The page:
Lessons we learned from T61 (that the owners did not)

Just a few more thoughts about the “Old 61” and I’ll be ready to move on. During the past several months, certain things became apparent to me about how an ideal music community and distribution network might operate. There were so many things T61 was doing right, or was just on the edge of doing right. It wasn’t perfect. The competition was tough, but the charts always sounded very good and there was at least a chance for an unsigned artist to come out of nowhere and get into the charts alongside the stars.

I didn’t really think consciously about those lessons, but I’m going to make an effort. It’s too late to help the site so many of us just left. The owners obviously don’t care and are committed to the choices they’ve made. But if we keep them in mind, maybe we can have a positive impact on the places we go to share and listen to music.

Here are some lessons I think we learned as a community (but Sam and James probably didn’t):

1. Music – or at least good music – is not a commodity. A song is a gift from the heart. It means something to the artist, who puts it out there even at the risk of rejection, hoping to find a connection. Artists were able to find their niche under the old T61 system. A song might not top the charts, might not be for everyone, but might have a dozen people who loved it intensely. In an ideal world, any artist, however esoteric, should be able to make those connections.

2. Musicians are people. They aren’t factories that make a product, but living breathing people. It’s so easy to forget that when you don’t meet them and talk to them.  When you get to know them as people, you are more likely to support them with your money, or by helping them get the word out about their music.

3. Listeners are people. They aren’t just numbers for an artist to count and measure. Getting to know their fans and making personal connections is also good for musicians. It helps them create and it helps them succeed. The artists who were inconsiderate or inactive on the site tended to be less successful.

4. Musicians are also music lovers. Taking some time to appreciate others’ music helps build connections with fans and with other musicians.

5. We’re all in this together. An ideal music environment should be friendly and enjoyable for both musicians and listeners. What hurts the musicians will probably also hurt the fans, and vice versa.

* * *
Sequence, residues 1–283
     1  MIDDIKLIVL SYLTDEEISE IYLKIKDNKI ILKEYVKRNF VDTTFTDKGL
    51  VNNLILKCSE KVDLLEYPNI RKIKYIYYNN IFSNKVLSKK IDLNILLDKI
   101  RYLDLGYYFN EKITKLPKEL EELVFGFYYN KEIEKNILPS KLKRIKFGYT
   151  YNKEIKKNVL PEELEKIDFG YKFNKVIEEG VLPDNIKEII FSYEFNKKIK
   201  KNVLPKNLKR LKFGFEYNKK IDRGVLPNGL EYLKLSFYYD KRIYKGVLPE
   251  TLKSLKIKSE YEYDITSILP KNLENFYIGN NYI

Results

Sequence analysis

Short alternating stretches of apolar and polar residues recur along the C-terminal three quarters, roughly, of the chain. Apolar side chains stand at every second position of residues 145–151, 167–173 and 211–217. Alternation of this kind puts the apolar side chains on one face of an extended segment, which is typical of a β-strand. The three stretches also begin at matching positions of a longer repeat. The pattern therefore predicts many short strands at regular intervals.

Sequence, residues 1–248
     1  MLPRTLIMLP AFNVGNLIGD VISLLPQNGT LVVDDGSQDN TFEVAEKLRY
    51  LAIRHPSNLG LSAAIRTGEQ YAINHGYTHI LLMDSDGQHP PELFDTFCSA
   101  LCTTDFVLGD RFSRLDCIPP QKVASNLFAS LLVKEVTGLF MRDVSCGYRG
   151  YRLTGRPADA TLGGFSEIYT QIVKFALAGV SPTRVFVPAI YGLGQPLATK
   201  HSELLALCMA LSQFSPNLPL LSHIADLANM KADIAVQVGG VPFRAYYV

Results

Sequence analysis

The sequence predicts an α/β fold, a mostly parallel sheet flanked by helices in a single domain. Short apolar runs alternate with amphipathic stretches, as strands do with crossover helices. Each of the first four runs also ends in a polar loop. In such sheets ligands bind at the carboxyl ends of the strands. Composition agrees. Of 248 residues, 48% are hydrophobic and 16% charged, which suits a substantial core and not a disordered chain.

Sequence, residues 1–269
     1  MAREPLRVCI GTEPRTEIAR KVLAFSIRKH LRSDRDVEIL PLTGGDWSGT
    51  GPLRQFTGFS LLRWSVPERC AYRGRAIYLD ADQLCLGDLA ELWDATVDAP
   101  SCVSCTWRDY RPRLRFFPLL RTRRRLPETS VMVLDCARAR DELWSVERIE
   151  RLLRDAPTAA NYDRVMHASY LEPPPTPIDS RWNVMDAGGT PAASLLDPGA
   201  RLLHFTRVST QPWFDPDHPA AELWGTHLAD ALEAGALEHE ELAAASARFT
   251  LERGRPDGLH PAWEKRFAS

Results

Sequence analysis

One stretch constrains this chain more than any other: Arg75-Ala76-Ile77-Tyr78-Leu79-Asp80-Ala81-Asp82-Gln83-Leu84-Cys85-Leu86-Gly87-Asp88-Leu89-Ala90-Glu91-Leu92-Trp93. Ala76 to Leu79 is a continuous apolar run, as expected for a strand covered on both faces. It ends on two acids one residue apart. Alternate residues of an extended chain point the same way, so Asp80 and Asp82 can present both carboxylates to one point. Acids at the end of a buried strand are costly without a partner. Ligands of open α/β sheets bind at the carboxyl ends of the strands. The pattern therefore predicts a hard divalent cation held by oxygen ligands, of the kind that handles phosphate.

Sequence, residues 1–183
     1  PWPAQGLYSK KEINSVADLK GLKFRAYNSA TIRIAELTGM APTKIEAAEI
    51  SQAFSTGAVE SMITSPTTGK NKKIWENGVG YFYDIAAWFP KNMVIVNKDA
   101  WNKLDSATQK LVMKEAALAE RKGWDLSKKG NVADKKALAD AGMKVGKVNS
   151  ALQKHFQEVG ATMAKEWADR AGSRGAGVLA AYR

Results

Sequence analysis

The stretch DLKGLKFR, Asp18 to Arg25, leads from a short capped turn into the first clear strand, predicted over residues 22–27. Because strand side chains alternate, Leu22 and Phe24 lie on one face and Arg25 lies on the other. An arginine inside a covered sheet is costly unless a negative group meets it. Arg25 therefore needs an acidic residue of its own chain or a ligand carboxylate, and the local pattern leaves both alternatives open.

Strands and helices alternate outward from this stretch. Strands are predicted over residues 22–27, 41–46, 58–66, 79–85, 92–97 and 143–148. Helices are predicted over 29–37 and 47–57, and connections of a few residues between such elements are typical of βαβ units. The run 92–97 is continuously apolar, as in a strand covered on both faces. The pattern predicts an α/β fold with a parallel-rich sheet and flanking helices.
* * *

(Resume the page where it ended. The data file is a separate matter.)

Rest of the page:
Maybe you can think of others? Maybe I’m just being idealistic. I am not a business person, so I can’t say for sure that the music environment I described is the way to make everyone money. Maybe the cynics are right and the “innovative” new T61 model, with fewer choices and even fewer connections, is the way to make music profitable. Maybe folks who work for big companies like good share croppers and passive listeners who like a bit of random music in the background and can’t be bothered to pay attention are the future of music.

All I know is the way we were enjoying music on T61 felt right to me. It felt very close to what I want the future of music to become.



Filed under commentary, Uncategorized

7 responses to “Lessons we learned from T61 (that the owners did not)

  1. woodjean

    I think you have some very good points in this new entry. I really don’t think we have to worry about music going back to the old company/background model. Maybe for some who really don’t understand or care about music it will. But I think “the cat’s out of the bag” now.

    Having really experienced music (all kinds) together has changed the music scene forever. Once you really figure out that there are others who love music as much as you do and who care about other people you can’t go back!

  2. Good points in your post. While music is not a commodity, I did like having the tip jar and the ability to buy songs on T61–and the game system incentive to do so. Giving listeners ways to support artists is good (one thing Uvumi lacks right now).

  3. johny jupiter

    it is not over until it is over, and I for one do not, and will not, surrender.


  4. Pingback: movementsixtyone.com » Between the cracks: t61, closure, statistics

  5. T61 came close to providing what artists need most online, a site with passionate listeners. Most OMDs are 99% artists (like a roomful of salesmen all trying to pitch their products to the other salesmen). They leave “nice” comments for everyone else, hoping to get “nice” comments in return. The sixtyone was more real world … if people didn’t get what you were doing, they left you alone. If they liked your work, they let you know. If they really liked your work, they bought it. A kind word and a tip or two can keep an artist going for a long time. The “new” 61 has made that close communication almost impossible and has turned a warm home into a wasteland.

    No owner asked for advice from the listeners who dedicated many hours of their time every week to t61. No owner asked devoted artists (for example, September 29th and I had posted almost 500 songs on t61 between us) for advice. “They” simply chose to gut the site, add a ton of glitz, and push it out into the marketplace. They could have kept the community and added the glitter just as easily.

    But what do I know?

    – Lex –

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